Life wasn’t miserable for mothers either, we worked together. An old school friend of mine, Olive, was very handy with her needle.  She had the skills and I had a sewing machine – the perfect combination!  Her little girl Sheila and our son John, would amuse themselves, while I got on with some jobs and Olive put her skills to work making clothes for the children or whatever was needed.

At the time, we lived in a basement flat with a coal cellar at one end of the hall and a bathroom at the other. Olive and I could hear the children shrieking with laughter in the hall. Bless their little hearts we thought until we found that the laughter was caused by them running with pieces of coal along to the bath and filling it up!  I don’t think we actually said “bless their little hearts” then – you should have seen their hands, faces and clothes!

Children were very happy and content without television etc. They didn’t resent the ‘make do and mend’ and the ‘hand-me-down’ culture because that was their life. Wartime was, I think, a great leveller.

*  *  *

These wonderful memories seem even more poignant right now. Our predecessors coped so brilliantly during the war (which cannot even be compared to the Coronavirus threat), today’s issues really do pale into insignificance.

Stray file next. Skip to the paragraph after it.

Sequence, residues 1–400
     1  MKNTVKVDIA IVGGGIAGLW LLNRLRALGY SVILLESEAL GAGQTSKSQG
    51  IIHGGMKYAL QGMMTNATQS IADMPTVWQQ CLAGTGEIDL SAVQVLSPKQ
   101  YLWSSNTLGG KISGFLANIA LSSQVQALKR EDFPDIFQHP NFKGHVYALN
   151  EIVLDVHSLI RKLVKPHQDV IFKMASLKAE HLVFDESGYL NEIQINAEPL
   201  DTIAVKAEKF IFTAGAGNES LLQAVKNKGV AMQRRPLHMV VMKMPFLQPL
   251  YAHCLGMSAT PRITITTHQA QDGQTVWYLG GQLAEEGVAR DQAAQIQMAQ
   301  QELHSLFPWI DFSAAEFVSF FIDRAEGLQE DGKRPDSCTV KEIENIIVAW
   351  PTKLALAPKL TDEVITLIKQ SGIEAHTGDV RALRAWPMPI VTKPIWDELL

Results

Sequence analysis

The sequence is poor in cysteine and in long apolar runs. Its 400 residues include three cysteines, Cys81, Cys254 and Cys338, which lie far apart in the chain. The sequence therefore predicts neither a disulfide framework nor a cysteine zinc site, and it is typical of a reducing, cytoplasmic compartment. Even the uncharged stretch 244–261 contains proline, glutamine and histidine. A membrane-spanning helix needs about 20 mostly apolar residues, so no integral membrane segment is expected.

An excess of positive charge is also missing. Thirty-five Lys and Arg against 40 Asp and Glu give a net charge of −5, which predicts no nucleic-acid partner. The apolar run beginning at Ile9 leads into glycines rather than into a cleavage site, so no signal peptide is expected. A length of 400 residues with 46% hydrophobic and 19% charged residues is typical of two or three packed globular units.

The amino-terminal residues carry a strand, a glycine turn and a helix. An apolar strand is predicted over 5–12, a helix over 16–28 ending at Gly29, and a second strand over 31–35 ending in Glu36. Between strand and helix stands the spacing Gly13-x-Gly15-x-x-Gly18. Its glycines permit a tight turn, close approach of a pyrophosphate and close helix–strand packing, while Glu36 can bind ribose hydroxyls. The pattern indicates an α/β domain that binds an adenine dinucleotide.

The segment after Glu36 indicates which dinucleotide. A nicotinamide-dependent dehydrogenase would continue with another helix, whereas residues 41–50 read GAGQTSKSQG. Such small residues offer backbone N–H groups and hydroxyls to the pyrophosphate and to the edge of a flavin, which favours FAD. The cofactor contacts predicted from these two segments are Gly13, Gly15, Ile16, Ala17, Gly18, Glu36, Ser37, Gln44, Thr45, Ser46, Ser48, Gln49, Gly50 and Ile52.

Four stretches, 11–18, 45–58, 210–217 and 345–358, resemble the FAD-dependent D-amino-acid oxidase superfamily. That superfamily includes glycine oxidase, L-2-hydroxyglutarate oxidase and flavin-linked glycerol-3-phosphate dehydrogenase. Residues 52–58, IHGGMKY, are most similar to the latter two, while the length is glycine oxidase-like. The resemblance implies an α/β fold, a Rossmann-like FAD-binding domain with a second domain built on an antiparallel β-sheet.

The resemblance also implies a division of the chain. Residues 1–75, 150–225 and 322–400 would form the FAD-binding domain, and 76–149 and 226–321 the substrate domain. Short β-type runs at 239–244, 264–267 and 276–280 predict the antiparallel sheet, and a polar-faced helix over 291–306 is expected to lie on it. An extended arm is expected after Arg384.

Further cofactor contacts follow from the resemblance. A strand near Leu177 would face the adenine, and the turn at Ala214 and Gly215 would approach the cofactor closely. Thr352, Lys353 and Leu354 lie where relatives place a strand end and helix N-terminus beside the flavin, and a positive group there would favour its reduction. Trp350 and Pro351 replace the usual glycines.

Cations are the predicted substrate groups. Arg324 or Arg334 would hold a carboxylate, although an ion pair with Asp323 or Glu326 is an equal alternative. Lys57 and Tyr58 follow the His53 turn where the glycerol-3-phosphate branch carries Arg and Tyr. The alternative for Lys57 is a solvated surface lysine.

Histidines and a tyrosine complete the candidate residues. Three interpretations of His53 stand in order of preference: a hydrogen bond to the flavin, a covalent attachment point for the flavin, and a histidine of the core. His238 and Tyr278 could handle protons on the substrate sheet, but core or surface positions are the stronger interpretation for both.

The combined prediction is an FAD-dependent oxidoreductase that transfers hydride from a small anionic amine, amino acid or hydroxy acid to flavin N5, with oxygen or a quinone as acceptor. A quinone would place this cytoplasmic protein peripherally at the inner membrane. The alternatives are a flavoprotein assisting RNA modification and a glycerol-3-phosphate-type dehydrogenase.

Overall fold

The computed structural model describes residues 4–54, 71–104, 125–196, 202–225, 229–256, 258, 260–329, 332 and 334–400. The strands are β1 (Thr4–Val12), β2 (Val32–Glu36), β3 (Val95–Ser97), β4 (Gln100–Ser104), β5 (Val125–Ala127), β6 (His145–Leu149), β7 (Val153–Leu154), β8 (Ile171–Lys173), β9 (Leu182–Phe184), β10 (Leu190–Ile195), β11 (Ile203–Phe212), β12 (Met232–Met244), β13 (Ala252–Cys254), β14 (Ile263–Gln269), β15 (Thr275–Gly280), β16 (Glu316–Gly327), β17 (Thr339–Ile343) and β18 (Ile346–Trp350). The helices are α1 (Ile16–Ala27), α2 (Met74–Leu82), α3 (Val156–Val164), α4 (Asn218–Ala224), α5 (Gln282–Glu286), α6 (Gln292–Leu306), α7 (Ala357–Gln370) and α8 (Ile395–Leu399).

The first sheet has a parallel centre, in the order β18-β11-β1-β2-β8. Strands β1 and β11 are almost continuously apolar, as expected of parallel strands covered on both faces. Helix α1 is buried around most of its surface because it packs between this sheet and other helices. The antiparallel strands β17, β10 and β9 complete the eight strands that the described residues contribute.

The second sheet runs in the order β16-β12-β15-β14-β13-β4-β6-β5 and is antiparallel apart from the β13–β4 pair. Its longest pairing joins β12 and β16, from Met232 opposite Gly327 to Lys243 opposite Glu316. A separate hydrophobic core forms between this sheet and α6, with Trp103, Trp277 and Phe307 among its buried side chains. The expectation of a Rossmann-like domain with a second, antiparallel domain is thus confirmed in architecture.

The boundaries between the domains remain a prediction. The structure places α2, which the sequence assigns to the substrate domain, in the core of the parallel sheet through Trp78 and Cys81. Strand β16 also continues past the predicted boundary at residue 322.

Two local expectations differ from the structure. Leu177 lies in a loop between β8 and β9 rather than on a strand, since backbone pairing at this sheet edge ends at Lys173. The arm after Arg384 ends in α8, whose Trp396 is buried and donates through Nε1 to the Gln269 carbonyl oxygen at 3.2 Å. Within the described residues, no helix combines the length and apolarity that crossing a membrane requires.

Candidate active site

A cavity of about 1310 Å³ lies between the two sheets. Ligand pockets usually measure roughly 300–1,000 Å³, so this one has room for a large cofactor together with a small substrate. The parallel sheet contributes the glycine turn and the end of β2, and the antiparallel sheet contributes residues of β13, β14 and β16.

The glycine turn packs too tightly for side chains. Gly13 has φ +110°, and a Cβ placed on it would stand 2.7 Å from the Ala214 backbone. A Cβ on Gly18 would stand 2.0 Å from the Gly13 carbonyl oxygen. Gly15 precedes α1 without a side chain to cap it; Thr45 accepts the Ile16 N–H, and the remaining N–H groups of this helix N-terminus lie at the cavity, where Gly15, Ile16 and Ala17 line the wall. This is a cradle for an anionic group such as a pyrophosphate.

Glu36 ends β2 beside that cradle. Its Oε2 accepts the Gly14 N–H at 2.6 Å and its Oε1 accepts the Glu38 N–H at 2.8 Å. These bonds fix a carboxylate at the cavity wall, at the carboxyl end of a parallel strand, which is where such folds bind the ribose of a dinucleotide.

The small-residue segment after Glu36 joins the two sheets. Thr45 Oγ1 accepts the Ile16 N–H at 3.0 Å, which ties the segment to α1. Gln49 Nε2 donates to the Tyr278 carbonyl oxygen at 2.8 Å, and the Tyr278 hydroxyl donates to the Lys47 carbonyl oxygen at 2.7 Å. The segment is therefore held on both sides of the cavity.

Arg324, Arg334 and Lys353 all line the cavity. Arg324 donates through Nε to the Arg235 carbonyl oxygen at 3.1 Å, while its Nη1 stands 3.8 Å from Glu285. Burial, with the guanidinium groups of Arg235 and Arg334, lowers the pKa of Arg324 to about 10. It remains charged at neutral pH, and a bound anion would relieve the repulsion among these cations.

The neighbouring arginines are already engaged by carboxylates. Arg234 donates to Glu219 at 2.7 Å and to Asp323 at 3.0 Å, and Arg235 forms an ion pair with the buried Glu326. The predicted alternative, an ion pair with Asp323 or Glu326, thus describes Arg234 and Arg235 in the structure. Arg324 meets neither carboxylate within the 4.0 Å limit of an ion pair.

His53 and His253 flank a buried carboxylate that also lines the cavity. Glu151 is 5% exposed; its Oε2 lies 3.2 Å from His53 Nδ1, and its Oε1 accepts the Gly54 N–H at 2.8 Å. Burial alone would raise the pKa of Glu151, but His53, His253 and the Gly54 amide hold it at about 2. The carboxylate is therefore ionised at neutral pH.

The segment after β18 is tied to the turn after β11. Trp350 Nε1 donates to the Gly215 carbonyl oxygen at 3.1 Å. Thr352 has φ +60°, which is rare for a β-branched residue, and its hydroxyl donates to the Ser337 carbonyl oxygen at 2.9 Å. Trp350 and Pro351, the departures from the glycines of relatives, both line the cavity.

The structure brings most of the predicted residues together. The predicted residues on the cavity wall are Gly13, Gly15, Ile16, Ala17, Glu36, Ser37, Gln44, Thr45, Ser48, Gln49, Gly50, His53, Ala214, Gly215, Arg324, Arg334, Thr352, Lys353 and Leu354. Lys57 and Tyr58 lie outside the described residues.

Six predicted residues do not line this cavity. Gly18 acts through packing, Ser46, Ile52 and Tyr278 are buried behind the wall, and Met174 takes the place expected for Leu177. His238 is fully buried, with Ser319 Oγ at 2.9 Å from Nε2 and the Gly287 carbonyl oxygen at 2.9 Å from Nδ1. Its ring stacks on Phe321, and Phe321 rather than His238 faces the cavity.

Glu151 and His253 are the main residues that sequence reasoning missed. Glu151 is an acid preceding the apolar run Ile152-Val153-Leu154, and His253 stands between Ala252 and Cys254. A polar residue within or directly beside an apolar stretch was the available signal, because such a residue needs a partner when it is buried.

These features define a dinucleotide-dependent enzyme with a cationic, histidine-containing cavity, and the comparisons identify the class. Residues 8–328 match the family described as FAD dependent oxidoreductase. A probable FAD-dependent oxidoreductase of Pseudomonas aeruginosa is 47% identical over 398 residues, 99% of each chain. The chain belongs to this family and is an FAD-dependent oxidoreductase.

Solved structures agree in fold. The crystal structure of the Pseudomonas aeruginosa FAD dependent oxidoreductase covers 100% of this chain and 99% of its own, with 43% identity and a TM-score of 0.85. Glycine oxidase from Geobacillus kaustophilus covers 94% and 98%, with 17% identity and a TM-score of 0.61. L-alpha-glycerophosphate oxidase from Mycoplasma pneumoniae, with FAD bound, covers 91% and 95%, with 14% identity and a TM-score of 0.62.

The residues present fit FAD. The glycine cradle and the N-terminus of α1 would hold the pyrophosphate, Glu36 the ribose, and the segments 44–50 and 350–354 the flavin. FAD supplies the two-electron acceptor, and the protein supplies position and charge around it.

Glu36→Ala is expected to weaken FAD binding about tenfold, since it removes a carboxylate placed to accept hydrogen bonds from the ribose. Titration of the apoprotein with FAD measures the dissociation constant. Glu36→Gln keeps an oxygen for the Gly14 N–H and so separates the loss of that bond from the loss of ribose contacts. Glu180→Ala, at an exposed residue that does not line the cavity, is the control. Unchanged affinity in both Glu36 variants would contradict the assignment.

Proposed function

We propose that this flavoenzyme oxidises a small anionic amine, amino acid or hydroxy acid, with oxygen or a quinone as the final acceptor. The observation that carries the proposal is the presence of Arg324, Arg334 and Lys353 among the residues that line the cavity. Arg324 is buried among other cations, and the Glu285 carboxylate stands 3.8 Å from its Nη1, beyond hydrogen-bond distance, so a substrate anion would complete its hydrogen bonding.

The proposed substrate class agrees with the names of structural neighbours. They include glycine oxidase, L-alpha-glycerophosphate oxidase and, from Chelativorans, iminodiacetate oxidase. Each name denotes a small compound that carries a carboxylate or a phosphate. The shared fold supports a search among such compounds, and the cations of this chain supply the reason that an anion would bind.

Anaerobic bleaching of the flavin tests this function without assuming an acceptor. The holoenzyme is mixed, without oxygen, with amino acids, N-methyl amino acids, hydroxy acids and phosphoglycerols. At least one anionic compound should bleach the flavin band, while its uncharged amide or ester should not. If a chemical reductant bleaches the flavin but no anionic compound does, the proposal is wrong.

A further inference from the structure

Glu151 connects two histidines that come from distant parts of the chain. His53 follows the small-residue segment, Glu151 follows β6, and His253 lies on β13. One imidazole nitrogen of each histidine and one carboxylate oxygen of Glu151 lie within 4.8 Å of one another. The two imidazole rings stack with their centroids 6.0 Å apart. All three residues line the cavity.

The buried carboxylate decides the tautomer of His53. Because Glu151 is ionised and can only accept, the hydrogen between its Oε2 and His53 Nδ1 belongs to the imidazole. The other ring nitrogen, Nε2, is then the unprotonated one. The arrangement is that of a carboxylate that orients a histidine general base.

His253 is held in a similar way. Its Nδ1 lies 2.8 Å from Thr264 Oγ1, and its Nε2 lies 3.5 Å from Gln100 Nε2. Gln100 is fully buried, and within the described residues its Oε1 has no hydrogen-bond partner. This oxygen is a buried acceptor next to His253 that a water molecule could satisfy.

My granny had the classic ‘keep calm and carry on’ mentality that most people bringing up children in that era, seemed to have. She was stoic, practical, wise and incredibly humble. She has taught me so much about living life well and will be forever missed.

My granny

Inside, Outside & Beyond




  • Plutonium Sox

    Ohh I love this post! What an amazing lady your granny was. I’m so sorry for your loss, someone with such character and fascinating stories to tell must leave a very big hole in your lives.

  • Jackie

    So lovely to read this again Suzanne – thank you for finding it. I think she wrote one about marriage too didn’t she?

  • Sue Toms

    Sorry for your loss Suzanne, she sounds like a wonderful lady xx

  • How lovely that you were able to retrieve this post. Your Granny’s words were definitely worth saving. She sounds like an amazing lady and a very sad loss for your family. X



    Thank you for reposting these memories.
    “Our predecessors coped so brilliantly during the war (which cannot even be compared to the Coronavirus threat), today’s issues really do pale into insignificance.” The Second World War ended before I was born, but I lived through most of the Cold War. In particular I remember the Cuban Missile Crisis of 1962, which could easily have escalated into a nuclear war.
    We’re going through a rough patch in 2020, but you’re right, we need to keep a sense of proportion.

  • Gail

    What a wonderful post, Suzanne, this is so beautiful, and particularly poignant at the present moment. Your Grandmother sounds like an amazing lady. The wartime generation should be an inspiration to us all. x